After Reinagle. foxhounds or beagles. Thus he owned two celebrated pointers called Pluto and Juno, of whom it is recorded that they pointed for a hundred minutes whilst an artist of the name of Gilpin painted their picture! A rather tall story, but tall stories are the badge of this
tribe. He also owned a specimen called Dash, which he sold, or rather bartered, for another pointer, an excellent gun, a hogshead of claret, a hundred and sixty pounds worth of champagne and burgundy, and the proviso that if the dog came to be disabled from work the Colonel might claim him back for £50. The dog subsequently broke his leg, and under the terms of the bargain went back to his old master.
From this time forward-and at this time it is easy to see the pointer was a dog much fancied-increasing attention was paid to the breeding and perfecting of the pointer, and in the first half of the nineteenth century quite a number of famous kennels of the breed sprang into existence. Amongst them may be mentioned those of Mr. Meynell, Squire Osbaldstone (both of foxhunting fame), the Earl of Derby, the Duke of Kingston (celebrated for his black strain), the Earl of Lauderdale (equally noted for his small strain, which weighed a little over 30 lbs.), Mr. Webbe Edge, Mr. Mattingley, and others whose names are household words in the pointer - world. The breed improved greatly, and reached a zenith in the 'Seventies, which produced such peerless specimens as Ch. Wagg and Ch. Drake, who each weighed 65 lbs., and did a lot of winning on show-bench and at field trials. Drake, who was bred by Sir R. Garth, was sold when passing well on in years for £150. He was the fastest and most wonderful animal that ever quartered a field — "a phenomenon of pointers,” Mr. Rawdon Lee calls him. His grandson, Faust, was sold for £450 to go to America. “Pointers' Prices Current” reveal some astounding figures, especially across the Atlantic, where they are very popular, and enormous prices have been paid for extra good specimens. And in England, too, values seem to have kept the high level Edwards makes mention of a hundred years ago—allowing for the difference in the standard of valuation of the canine.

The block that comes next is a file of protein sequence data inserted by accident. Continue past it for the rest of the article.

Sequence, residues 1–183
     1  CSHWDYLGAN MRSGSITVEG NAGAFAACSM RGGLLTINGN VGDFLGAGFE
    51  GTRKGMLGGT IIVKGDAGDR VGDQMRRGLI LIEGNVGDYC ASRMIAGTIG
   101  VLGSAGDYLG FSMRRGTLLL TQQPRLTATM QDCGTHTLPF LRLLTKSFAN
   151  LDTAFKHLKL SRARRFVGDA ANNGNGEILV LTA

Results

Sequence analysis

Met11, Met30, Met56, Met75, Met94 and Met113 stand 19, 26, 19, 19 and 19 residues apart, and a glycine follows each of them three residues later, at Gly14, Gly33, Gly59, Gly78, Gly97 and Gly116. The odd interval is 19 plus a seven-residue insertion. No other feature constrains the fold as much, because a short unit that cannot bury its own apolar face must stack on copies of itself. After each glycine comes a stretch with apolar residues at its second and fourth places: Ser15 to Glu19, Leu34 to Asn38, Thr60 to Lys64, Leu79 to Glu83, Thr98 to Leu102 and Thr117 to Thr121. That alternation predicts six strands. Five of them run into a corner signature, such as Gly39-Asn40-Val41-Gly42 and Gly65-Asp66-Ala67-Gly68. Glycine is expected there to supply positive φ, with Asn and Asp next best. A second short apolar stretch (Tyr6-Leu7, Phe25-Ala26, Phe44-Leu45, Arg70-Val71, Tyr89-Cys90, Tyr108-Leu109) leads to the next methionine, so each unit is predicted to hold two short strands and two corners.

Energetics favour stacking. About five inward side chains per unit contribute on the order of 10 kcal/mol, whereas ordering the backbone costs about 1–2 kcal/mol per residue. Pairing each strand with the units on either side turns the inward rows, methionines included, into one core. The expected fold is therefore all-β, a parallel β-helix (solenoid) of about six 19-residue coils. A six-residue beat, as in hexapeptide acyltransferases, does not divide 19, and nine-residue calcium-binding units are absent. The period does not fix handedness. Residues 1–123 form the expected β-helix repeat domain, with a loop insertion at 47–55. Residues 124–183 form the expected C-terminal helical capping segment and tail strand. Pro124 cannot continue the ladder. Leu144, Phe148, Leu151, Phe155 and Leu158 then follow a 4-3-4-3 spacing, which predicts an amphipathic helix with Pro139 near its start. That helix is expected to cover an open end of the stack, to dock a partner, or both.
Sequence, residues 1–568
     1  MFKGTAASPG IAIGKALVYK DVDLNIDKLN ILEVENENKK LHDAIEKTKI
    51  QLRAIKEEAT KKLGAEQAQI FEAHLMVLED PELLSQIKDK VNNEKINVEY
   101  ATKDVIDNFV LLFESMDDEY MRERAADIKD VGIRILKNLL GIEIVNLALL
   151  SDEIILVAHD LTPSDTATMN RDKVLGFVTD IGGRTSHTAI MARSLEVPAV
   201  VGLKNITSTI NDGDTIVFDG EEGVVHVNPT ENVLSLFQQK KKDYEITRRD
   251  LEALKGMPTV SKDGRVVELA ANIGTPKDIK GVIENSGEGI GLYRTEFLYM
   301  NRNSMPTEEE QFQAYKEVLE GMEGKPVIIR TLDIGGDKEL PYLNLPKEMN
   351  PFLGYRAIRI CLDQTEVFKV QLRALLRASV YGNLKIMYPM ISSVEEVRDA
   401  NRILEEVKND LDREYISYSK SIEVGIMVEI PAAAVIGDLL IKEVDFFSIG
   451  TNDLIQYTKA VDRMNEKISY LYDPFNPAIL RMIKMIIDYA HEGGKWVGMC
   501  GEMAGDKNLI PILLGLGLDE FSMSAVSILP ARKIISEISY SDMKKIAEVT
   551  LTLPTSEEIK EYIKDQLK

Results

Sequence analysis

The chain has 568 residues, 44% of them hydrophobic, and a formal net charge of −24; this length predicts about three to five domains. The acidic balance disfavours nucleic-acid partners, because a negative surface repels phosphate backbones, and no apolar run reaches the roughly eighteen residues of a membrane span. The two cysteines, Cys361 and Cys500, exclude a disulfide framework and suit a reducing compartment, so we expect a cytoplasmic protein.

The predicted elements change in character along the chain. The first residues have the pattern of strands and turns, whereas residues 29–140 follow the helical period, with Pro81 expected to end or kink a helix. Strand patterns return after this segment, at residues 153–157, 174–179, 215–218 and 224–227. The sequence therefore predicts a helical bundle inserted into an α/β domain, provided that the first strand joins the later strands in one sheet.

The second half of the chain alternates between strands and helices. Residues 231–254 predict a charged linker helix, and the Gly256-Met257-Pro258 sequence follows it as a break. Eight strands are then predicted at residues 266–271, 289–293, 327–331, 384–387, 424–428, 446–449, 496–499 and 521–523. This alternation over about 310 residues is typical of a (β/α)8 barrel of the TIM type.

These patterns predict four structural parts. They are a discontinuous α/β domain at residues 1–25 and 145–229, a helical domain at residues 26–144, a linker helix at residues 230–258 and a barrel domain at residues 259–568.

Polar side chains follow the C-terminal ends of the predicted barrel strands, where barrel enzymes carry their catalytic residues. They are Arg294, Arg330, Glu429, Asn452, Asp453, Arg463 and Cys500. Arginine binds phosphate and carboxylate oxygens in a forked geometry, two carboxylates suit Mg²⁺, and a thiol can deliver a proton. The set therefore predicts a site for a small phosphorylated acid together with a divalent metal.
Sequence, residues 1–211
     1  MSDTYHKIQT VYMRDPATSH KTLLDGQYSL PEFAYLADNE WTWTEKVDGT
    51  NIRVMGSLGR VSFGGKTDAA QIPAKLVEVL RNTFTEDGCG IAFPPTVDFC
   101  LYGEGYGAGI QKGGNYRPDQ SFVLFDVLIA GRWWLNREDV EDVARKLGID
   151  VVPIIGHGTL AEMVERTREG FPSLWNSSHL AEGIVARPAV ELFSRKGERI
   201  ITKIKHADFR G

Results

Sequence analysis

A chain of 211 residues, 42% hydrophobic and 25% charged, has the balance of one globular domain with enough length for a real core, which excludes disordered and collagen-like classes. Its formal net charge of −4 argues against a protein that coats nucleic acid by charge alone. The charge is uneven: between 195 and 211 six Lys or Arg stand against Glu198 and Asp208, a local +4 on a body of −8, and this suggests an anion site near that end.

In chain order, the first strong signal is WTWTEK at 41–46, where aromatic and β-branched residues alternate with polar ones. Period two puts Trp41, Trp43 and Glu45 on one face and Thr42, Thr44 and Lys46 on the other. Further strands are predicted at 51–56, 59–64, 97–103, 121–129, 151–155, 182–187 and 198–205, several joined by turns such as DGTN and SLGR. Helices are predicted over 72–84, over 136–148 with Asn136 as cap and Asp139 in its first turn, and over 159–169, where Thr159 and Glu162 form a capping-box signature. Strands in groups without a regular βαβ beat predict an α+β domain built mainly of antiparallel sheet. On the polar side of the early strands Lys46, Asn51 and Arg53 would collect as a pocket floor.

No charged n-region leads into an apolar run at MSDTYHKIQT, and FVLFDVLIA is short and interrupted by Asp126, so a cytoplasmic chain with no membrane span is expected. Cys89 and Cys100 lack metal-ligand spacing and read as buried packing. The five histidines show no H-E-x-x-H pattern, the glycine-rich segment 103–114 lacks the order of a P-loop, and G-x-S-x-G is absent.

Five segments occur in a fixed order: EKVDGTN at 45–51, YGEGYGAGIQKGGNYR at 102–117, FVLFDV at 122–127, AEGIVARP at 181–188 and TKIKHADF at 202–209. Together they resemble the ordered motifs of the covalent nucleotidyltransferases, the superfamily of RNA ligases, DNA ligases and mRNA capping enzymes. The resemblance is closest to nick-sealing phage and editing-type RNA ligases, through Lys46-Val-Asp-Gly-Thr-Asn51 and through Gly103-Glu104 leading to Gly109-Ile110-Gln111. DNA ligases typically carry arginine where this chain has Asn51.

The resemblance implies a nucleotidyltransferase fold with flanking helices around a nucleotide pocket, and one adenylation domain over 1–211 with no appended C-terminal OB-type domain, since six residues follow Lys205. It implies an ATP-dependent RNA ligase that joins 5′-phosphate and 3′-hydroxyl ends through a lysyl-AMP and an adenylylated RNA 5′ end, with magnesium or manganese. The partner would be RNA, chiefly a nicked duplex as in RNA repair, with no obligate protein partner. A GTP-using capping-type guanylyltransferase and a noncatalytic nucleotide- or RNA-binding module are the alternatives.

As I have hinted a little earlier, anecdote gathers round the pointer like moss round the stone that does not roll. I will not weary my readers with the old chesnut about the pointer that pointed not merely to death, but to skeletonhood, nor with less chesnutty stories of dogs that “stood” for twelve hours, but here is an authenticated item that tells of a singularly grim adhesion to duty in a pointer which might have been christened “Stickphast." Clio was a bitch belonging to a Mr. Lee, and as she was out with him one day she became aware of a nest of partridges just as she was in the act of jumping a five-barred gate. It is inferred she performed the feat of pointing in mid air, for her master, missing her about two hours afterwards, harked back on his trail to find her, and came across Clio, her front legs planted on the ground and her hind ones hooked on to the gate. In this attitude she had remained all that time, pointing at the nest of partridges, which Mr. Lee, on his arrival to investigate her improbable attitude, searched for and discovered. He relieved her, but she was so stiff she could not move, and he had to set her down on the grass and rub her legs before she could bend them again.
Having paid this conventional tribute to the capacity of the pointer for performing incredible feats,—there is no breed of dog whose annals are so magnificently decorated with marvellous achievement as this, I will try to relapse into truth, and continue my discourse where I suspended it to introduce an anecdote which I am assured is true, but don't believe.
The Rev. Thomas Pearce, better known as “Idstone," has left us a description of the pointer of his time so